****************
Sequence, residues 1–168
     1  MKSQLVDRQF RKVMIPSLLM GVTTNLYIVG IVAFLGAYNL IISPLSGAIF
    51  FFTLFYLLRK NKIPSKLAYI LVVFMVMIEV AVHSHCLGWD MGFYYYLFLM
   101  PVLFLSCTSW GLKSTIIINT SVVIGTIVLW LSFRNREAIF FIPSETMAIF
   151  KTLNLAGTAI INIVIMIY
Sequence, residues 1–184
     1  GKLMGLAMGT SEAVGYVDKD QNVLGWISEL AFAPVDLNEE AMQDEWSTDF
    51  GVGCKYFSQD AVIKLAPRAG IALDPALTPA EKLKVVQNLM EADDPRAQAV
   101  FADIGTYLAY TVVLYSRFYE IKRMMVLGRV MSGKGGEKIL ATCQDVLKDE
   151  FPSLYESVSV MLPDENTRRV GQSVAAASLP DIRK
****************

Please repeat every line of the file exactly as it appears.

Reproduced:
Sequence, residues 1–168
     1  MKSQLVDRQF RKVMIPSLLM GVTTNLYIVG IVAFLGAYNL IISPLSGAIF
    51  FFTLFYLLRK NKIPSKLAYI LVVFMVMIEV AVHSHCLGWD MGFYYYLFLM
   101  PVLFLSCTSW GLKSTIIINT SVVIGTIVLW LSFRNREAIF FIPSETMAIF
   151  KTLNLAGTAI INIVIMIY
Sequence, residues 1–184
     1  GKLMGLAMGT SEAVGYVDKD QNVLGWISEL AFAPVDLNEE AMQDEWSTDF
    51  GVGCKYFSQD AVIKLAPRAG IALDPALTPA EKLKVVQNLM EADDPRAQAV
   101  FADIGTYLAY TVVLYSRFYE IKRMMVLGRV MSGKGGEKIL ATCQDVLKDE
   151  FPSLYESVSV MLPDENTRRV GQSVAAASLP DIRK